Recognizing the Signs of Early Hearing Loss

Recognizing the Signs of Early Hearing Loss

The prevalence of hearing loss in the United States is fairly significant — 15% of people over the age of 18 report problems with hearing — and the prevalence skews toward the older population. Losing your hearing can greatly affect how you navigate your world, so recognizing the early signs of hearing loss and getting treatment is important.

While the signs of hearing loss may seem obvious — you can’t hear as well as you once did — the early signs can be more subtle. To help you identify hearing issues, Dr. Timothy QueenNancy Gibson, FNP-BCKristi Pham, MSN, FNP-BC, and the rest of our team at Advanced ENT & Allergy outline a few red flags here.

Risk factors for hearing loss

Before we get into the early signs of hearing loss, let’s take a look at some of the risk factors. As we mentioned, hearing loss is often part of the aging process — one-quarter of those aged 65 to 74 have some hearing loss and half of people 75 and older have disabling hearing loss.

When it comes to age-related hearing loss, men outpace women two to one, and the problem tends to affect non-Hispanic White people more than other groups (non-Hispanic Black people have the lowest prevalence).

Early signs of hearing loss

Now, let’s take a look at some of the early signs of hearing loss, as this problem is progressive, and you may not even realize your hearing is affected as you adjust your behaviors.

Turning the volume up

One of the most common signs of early hearing loss is raising the volume on your TV, radio, or earbuds. You may not be aware you’re doing it, but if someone in your household complains of the TV being too loud, this is a good clue.

Trouble hearing in groups

If you’re out with friends or in any other group situations where there’s a lot of talking around you, and you find that you really have to focus in order to hear what someone is saying, this is a red flag.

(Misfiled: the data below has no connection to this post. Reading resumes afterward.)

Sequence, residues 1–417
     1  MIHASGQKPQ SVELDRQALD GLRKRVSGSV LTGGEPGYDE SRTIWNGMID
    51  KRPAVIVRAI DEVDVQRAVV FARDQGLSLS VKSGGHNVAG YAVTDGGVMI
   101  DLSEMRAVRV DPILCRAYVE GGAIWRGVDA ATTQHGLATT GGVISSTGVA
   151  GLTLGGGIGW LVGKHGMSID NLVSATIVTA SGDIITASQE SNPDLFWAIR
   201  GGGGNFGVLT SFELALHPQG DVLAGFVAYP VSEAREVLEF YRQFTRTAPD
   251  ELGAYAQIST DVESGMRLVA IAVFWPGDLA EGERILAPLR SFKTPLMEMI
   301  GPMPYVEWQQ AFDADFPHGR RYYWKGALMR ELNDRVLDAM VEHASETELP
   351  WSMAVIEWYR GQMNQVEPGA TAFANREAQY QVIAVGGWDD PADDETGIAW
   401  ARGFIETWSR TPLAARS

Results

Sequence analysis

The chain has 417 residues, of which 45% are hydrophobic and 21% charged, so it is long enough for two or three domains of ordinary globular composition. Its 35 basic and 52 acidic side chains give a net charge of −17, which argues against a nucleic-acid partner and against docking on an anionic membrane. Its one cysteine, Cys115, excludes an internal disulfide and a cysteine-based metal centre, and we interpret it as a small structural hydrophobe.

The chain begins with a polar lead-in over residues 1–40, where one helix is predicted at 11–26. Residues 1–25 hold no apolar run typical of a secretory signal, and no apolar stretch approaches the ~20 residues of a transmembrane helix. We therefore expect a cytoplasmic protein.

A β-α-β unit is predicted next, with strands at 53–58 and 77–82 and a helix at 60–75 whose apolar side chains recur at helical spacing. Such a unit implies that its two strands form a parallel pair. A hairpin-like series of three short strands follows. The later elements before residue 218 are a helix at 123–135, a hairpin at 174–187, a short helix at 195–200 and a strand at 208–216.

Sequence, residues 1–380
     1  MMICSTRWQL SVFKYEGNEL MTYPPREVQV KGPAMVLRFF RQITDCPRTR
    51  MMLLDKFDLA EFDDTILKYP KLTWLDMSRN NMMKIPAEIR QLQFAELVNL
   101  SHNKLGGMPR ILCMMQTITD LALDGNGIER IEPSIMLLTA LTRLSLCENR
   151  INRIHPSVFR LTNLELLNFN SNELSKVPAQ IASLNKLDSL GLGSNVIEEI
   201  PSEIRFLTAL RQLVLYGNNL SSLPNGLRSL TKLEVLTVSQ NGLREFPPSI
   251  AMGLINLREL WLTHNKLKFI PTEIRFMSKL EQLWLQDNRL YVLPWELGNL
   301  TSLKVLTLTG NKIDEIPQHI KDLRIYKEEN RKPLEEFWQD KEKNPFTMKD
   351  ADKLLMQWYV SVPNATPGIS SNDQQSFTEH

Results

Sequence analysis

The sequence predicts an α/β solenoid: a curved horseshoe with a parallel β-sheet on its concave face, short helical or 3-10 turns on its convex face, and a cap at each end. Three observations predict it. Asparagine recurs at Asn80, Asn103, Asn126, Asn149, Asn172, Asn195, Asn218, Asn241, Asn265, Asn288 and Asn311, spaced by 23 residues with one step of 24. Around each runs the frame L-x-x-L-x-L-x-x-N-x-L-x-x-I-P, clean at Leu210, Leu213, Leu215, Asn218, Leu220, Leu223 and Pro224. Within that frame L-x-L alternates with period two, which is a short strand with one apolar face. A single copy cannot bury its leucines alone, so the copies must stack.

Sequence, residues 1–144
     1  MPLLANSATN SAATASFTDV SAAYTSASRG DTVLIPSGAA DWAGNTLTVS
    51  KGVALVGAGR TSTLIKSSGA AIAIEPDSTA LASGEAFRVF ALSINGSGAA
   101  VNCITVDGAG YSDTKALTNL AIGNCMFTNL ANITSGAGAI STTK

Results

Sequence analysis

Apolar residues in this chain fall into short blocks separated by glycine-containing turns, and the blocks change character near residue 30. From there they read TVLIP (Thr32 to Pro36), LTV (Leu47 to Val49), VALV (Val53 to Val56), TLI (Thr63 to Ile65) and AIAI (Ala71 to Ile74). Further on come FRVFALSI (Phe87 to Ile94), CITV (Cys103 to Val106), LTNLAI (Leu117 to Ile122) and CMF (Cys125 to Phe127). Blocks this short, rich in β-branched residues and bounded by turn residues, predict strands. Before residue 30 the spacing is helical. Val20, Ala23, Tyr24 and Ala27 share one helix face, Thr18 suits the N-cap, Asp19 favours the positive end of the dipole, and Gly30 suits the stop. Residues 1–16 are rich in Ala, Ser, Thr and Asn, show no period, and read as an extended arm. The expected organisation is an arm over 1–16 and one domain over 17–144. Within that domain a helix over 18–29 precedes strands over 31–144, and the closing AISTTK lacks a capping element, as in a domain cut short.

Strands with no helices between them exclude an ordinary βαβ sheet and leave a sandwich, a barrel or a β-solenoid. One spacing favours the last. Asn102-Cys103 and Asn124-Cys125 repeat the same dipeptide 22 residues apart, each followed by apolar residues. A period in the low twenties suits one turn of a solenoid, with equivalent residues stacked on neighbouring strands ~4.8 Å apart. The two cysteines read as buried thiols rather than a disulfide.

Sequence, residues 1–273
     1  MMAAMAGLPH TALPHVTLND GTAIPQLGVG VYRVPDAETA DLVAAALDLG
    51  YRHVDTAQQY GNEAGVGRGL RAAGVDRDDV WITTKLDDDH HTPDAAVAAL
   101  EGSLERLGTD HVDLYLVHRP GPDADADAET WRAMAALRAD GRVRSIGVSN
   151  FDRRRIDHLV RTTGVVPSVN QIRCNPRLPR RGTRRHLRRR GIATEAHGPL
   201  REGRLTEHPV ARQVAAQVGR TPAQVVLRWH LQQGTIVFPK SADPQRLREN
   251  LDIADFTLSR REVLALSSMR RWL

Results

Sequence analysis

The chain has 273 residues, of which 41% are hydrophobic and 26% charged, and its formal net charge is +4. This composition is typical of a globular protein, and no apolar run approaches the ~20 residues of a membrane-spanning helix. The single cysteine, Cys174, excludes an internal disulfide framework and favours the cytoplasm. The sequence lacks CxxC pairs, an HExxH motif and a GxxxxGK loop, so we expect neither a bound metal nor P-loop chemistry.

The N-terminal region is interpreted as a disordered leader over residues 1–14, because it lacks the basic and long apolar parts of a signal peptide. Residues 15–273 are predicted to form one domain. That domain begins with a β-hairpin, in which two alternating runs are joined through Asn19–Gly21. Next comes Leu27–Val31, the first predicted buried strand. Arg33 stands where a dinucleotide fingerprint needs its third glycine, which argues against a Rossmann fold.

Ringing in your ears

When you have a ringing in your ears (tinnitus), which affects 50 million people in the US, it may be your brain’s way of filling in voids in your hearing.

Losing high frequency sounds

One of the areas of hearing that tends to go first is high-pitched sounds, such as birds chirping or someone whistling, so be on the lookout for any deficits in this area.

Get your hearing checked

If any of the above signs sound familiar, it’s time to come see us for a hearing evaluation. Our audiology experts perform an extensive hearing test to determine whether you’re losing your hearing and to what extent. 

Armed with this information, we take the next steps toward reestablishing your ability to hear clearly, which might include:

The best way to determine whether you need hearing loss treatment is to contact our office in Newport News, Virginia, to set up a consultation.

You Might Also Enjoy...

6 Common Signs of a Food Allergy

Approximately 32 million kids and adults in the United States have food allergies, and that number is on the rise. To help you identify a potential food allergy, we outline some of the more common signs.

How Immunotherapy Offers Long-Term Allergy Relief

Like millions of others, you have allergies that have no small impact on your life. While you do the best you can to manage the allergies, you want a longer-term solution, which may be found in immunotherapy. Here’s how.

ENT Scopes

A lot is assumed, but little is known, about ear, nose and throat endoscopy. Many medical specialists use endoscopes to visualize areas that are difficult or impossible to examine with the naked eye.

Epistaxis (Aka Nosebleeds)

What is epistaxis? It’s the doctor word for nosebleeds, because doctors have to have a special word for everything. It’s literally when, well, blood comes out of the nose. It’s a simple idea, but it can be a complex problem.